German national carrier Lufthansa was one of the early responders to Malev’s collapse, launching new Berlin and Hamburg routes within 24-48 hours of the news breaking. “They went bankrupt on Friday and by the end of the day we were ready with two new routes,” said Ofer Kisch, Lufthansa’s Budapest-based regional director for Central Europe, applauding Lufthansa’s network planning team for their quick response. “Our people in network planning stretched other routes and optimised the network to get these two additional routes. The rumours of Malev’s bankruptcy had been there for years, so we could not be prepared for that.”
Lufthansa already linked Budapest with Frankfurt, Munich and Düsseldorf, plus Geneva and Zurich through Swiss International and a Vienna service operated by Austrian. While only two new routes were launched in the wake of Malev’s collapse, capacity and frequencies were also boosted on the existing routes. This meant that in 2012 Lufthansa Group carried 1.3 million passengers on its Hungarian operations, up 11% on the previous year. “There is no doubt Lufthansa has benefited from the demise of Malev,” Kisch observed.
Jandu said that, despite the change in traffic mix at the airport, Lufthansa remains an important business partner. “We are pleased that they performed well and we will continue to find more ways of improving cooperation going forward,” he explained. Lufthansa plans to keep its 2013 capacity stable against 2012, although its new Budapest–Berlin service has since been suspended and the Düsseldorf and Hamburg links from Budapest are being transferred to budget arm Germanwings under the recently announced revamp of Lufthansa’s short-haul operations.
Lufthansa does not operate any direct transatlantic flights from Budapest, but Kisch revealed that suddenly the group became Hungary’s number one North Atlantic carrier, albeit via Frankfurt, Düsseldorf, Vienna and Zurich, after American Airlines and Delta Air Lines withdrew their direct Budapest services after losing Malev’s traffic feed. This highlights the missing link in Budapest’s phoenix-like recovery.
“Despite not having a direct connection to New York anymore, last year we had more passengers flying there than ever [via other hubs],” said Jandu. “It is not the end of world just because we don’t have a long-haul airline [apart from Qatar]. It is nice to have that kudos and prestige, but it is not a commercial disaster because three [short-haul] frequencies a day generate more revenue than one [long-haul] frequency.”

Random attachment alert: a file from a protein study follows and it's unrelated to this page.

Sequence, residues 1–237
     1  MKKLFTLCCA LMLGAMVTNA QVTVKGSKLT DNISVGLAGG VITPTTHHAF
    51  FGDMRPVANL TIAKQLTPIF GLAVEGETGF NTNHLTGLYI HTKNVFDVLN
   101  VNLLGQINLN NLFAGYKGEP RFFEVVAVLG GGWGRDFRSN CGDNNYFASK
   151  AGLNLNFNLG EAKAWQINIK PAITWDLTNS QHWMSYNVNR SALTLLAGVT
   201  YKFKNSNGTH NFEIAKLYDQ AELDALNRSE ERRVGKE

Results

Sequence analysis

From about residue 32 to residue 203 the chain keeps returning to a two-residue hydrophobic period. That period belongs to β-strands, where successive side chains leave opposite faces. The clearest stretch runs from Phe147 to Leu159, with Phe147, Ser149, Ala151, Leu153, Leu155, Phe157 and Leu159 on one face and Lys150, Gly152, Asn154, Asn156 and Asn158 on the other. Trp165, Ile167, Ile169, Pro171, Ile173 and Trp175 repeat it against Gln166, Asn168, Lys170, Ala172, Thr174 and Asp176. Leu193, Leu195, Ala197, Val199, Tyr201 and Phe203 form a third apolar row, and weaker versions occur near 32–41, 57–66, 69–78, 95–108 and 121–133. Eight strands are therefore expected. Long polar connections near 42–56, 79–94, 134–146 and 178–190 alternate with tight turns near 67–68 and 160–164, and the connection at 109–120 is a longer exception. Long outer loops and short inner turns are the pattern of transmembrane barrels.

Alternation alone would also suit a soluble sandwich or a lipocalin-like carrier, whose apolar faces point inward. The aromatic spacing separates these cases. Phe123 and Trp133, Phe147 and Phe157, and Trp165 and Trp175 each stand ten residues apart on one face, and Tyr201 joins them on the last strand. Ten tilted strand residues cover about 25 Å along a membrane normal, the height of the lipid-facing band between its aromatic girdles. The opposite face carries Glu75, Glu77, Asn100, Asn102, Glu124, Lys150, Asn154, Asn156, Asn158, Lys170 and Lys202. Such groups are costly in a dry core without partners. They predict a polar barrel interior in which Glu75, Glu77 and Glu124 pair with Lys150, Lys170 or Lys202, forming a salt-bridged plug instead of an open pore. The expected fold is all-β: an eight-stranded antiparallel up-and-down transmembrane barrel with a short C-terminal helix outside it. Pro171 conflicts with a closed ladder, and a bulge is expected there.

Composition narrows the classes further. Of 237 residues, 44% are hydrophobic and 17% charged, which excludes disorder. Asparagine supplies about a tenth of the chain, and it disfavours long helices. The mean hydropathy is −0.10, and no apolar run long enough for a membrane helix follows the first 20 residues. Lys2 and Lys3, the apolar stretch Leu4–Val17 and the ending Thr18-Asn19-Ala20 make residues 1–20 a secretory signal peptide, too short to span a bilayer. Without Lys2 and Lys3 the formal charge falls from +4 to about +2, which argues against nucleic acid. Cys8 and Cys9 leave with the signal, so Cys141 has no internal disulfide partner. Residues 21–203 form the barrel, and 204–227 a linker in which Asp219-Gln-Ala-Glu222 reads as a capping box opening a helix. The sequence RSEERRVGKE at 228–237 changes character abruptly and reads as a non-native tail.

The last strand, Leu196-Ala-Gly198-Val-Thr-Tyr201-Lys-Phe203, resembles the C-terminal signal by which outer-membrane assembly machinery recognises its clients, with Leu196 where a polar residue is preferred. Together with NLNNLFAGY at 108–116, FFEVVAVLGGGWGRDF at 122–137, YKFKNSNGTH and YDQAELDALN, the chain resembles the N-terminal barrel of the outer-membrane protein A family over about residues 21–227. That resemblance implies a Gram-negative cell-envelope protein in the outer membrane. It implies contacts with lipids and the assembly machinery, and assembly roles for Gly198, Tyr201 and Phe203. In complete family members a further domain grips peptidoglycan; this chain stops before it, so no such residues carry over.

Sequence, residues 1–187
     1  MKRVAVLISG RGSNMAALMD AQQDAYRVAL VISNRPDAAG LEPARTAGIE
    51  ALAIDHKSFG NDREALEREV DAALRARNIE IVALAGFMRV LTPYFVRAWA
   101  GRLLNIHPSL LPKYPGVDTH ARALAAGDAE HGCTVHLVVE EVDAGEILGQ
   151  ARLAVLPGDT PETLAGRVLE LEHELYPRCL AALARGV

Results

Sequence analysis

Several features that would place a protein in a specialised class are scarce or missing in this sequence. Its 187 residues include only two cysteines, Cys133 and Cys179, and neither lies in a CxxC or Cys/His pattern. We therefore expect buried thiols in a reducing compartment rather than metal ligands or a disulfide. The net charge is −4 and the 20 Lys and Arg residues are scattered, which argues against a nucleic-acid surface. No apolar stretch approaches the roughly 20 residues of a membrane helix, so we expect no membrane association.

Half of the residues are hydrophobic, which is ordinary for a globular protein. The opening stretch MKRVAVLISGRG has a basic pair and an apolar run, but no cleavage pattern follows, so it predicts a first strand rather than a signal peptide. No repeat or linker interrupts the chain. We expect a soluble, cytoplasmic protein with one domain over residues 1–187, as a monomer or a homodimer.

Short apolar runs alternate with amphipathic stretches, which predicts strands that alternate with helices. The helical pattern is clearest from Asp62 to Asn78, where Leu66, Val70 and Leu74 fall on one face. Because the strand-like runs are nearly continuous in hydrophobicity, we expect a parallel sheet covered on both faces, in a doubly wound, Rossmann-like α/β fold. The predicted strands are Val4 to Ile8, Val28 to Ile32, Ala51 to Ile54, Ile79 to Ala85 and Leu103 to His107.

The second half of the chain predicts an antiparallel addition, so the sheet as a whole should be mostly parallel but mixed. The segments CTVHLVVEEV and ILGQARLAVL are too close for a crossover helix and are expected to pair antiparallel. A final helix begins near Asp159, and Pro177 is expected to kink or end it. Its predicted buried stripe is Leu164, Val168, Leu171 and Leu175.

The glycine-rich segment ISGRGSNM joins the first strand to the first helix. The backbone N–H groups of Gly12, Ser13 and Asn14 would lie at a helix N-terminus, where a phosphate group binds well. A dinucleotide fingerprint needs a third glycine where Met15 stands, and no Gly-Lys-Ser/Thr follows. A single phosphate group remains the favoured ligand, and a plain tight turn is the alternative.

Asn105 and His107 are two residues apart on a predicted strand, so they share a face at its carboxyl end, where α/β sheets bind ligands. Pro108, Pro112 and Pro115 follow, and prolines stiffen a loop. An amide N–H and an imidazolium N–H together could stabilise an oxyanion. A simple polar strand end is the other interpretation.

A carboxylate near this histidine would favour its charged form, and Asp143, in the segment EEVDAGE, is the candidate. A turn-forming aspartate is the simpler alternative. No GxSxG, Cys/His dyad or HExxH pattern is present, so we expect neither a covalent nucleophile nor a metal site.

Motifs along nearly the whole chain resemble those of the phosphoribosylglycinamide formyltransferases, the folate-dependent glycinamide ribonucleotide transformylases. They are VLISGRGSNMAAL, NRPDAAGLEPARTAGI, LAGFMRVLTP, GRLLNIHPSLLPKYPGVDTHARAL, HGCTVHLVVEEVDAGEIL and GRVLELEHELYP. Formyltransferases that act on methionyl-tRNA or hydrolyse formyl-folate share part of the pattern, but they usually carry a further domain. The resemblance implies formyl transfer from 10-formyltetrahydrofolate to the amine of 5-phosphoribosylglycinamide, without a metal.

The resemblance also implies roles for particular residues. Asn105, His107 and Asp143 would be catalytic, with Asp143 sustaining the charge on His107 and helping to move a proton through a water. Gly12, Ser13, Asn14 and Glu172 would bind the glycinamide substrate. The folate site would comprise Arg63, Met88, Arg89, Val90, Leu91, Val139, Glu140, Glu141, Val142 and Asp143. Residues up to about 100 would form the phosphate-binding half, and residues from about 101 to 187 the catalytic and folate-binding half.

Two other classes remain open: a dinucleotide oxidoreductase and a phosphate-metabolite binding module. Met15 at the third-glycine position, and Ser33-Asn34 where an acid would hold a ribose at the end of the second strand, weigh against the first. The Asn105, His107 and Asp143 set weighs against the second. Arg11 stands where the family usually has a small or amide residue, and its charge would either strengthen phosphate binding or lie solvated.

Unserved long-haul destinations with the highest potential volume from Budapest include New York, Toronto, Bangkok, Tokyo and Beijing, so Jandu is reaching out to United, Continental, American Airlines, Air Canada, Air Transat, Japan Airlines (JAL), All Nippon Airlines (ANA) and Hainan Airlines to fill these white spots. He is also speaking with Emirates Airline and Etihad Airways, but closer to home he is hoping to attract Vueling and reports “good discussions” with easyJet and Tarom.
Looking further into the future, in ten years’ time Budapest is aiming to grow from 90 to 130 destinations, of which 15% will be long-haul compared with 2% today. It is also aiming to increase its connecting traffic which plummeted from 1.5 million a year to “several thousand at most” since Malev disappeared. But while Jandu plans to evaluate ways of introducing self-connecting opportunities in the second or third quarter of this year, he believes the former levels will never be restored. He also ruled out the prospect of a Malev revival: “That is not on the horizon, the market has gone now. There is nothing really left.”
As that long day in February 2012 finally drew to a close, Jandu took some of his team to the new SkyCourt restaurant overlooking the apron at Budapest. “One of the lessors had asked for the Malev aircraft to be flown out to Shannon. There was a synchronised parade of 18 or 19 aircraft, just leaving one by one. The tears streamed from all the Hungarians. Anyone who’s worked in aviation in Hungary has at some stage worked for Malev. It was a sad, poignant moment,” he explained.